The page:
A puppeteer's personal story about bringing Sesame Street's first autistic Muppet to life


It was a Thursday evening, and puppeteer Stacey Gordon was hard at work in her Phoenix, Arizona studio when she received the call of a lifetime.

Matt Vogel, Sesame Street‘s Muppet Captain and Big Bird understudy, called to let Gordon know that the show’s producers picked her to play Julia, the first-ever autistic Muppet and a new addition to the broadcast. The call left her stunned — so much so, she almost couldn’t absorb the news.

“I thought he said a different name,” Gordon says, laughing. “And then I was like, ‘Wait. That was my name.'”

Now, as both a puppeteer and mom of a 13-year-old autistic boy, she’s “thrilled and indescribably honored” to operate a Muppet who will bring more awareness and compassion around autism into millions of children’s homes.

Sesame Workshop, the nonprofit educational organization behind Sesame Street, announced Sunday that Julia would join the program’s regular cast. Julia isn’t exactly a new face — she was first introduced in October 2015 as a digital Muppet through the organization’s broader autism initiative, Sesame Street and Autism: See Amazing in All Children. But Julia’s creation as a walk-on character ushers in a variety of new resources about autism from Sesame Workshop, from English and Spanish-language ebooks to digital live-action segments on YouTube.

They’re resources Gordon wishes were around when her son was younger. His classmates often didn’t know how to react when he was having a hard time in preschool, and their parents would approach Gordon with concerns.

“If they understood autism, and if they were around this message of inclusion and understanding when they were in preschool, then I don’t know that we would have had to have those conversations,” she says.

Image: ZACH HYMAN / SESAME WORKSHOP

Approximately 1 in 68 children in the U.S. is diagnosed with autism spectrum disorder, which means the chances that children will at least interact with an autistic child, especially once they reach school age, are very high. The visibility of four-year-old Julia helps autistic children know that they aren’t alone, often teaching them what “autism” means for the first time. She can also teach non-autistic children about the disorder, and how to be accepting.

“When you’re the parent of a kid with autism, you don’t ever leave it.”

Sherrie Westin, executive vice president of global impact and philanthropy at Sesame Workshop, says reaching both of those groups of children was the goal, encouraging empathy and understanding.

“The response to Julia was so enormous,” Westin says, referring to Julia’s appearance online and in animated storybooks. “When we launch an initiative like Sesame Street and Autism, it’s ongoing. It means there’s an area that we believe we should be addressing. It means there’s an issue that’s significant in terms of its impact.” 

Bringing Julia to life, she says, means reaching even more children and families.

Sesame Workshop has worked with more than 250 experts and organizations within the autism community to help with its See Amazing initiative. Gordon also uses her firsthand experiences with her son, as well as an autistic girl she used to work with, to portray Julia accurately. 

“When you’re the parent of a kid with autism, you don’t ever leave it,” Gordon says. “You’re around it all of the time. So, I was able to see what he went through and his own sensory processing issues and things like that, and just kind of applied it to Julia.”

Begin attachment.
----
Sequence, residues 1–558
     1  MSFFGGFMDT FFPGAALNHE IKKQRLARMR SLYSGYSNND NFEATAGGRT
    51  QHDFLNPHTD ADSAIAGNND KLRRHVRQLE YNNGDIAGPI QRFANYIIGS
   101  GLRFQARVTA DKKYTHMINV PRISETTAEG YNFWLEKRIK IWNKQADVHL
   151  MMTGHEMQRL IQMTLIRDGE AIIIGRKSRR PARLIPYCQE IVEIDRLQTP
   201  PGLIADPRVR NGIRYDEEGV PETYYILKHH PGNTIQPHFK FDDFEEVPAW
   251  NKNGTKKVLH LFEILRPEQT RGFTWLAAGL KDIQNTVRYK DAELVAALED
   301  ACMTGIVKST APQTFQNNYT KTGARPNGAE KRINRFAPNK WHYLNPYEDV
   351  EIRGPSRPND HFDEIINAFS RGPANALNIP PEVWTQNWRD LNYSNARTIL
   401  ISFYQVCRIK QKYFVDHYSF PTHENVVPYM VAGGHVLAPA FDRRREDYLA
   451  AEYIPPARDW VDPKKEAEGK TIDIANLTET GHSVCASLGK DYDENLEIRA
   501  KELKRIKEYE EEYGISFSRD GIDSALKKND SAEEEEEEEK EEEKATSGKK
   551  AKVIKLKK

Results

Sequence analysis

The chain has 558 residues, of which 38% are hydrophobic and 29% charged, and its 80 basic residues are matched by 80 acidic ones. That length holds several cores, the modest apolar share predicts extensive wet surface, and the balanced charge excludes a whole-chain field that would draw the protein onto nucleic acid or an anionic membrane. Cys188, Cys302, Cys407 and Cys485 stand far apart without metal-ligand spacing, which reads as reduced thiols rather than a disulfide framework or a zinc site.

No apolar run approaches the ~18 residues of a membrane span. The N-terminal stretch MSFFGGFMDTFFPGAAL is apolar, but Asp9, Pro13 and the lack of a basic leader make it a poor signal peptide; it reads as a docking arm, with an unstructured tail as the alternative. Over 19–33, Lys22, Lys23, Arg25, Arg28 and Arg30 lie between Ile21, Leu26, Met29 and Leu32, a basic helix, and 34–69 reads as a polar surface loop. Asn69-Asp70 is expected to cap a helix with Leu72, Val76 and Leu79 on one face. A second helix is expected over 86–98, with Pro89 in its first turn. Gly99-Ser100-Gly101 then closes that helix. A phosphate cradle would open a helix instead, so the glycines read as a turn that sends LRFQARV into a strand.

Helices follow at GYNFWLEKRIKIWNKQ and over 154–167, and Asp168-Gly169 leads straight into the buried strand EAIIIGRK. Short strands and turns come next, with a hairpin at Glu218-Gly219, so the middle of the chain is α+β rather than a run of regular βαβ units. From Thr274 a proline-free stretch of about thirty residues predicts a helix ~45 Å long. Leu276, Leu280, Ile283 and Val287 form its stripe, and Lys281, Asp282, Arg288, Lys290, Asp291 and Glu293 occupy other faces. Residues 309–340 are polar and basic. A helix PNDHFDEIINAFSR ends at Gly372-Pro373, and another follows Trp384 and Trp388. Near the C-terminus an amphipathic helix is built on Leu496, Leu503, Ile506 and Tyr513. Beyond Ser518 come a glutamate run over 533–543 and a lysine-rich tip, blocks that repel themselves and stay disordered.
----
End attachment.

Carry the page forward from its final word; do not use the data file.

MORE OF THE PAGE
“With any social impact initiative, we always start by learning.”

For example, Sesame Street viewers will see Julia get upset by loud sirens. She has trouble communicating with Big Bird when they first meet, leading Big Bird to think Julia doesn’t like him — something Gordon has seen happen with her son, too. The Muppet also has two separate sets of arms; one set is specifically for when Julia “flaps” her hands, a common form of stimulation for autistic kids.

See Amazing is one of many social impact initiatives from Sesame Workshop. Last year, it started distributing high-quality educational resources to refugee children and also introduced Zari, the first Afghan Muppet, who talks about the importance of education for girls. It’s all part of inclusion and making sure a wide array of children are represented on-screen and online — what Westin calls “a core part of Sesame’s DNA.” And it starts with the community.

“With any social impact initiative, we always start by learning,” she says. “We start by bringing together advisers. We have great in-house resources in terms of child development, but when there’s a particular area of expertise, like autism, we want to make sure we’re tapping those experts.”

Image: ZACH HYMAN / SESAME WORKSHOP

Gordon hopes Julia will help foster more acceptance, and also show that no one person’s experience with autism is the same.

“It’s not in spite of autism that Julia brings gifts to Sesame Street, but it is through her autism.”

“I asked my son once if he ever wished he didn’t have autism. And he said no, because he wouldn’t be himself without autism,” Gordon says.

She referenced a popular saying: It’s not in spite of autism that he does what he does, but it’s through autism.

“My hope is that … it’s not in spite of autism that Julia brings gifts to Sesame Street, but it is through her autism.

Sesame Street‘s “Meet Julia” episode will air April 10 on HBO and PBS KIDS in the U.S., as well as Cartoonito UK, ABC Australia and Televisa in Mexico. A more global rollout of the episode is planned for later this year.

WATCH: What My Family Wants You to Know About Autism (with Grover)



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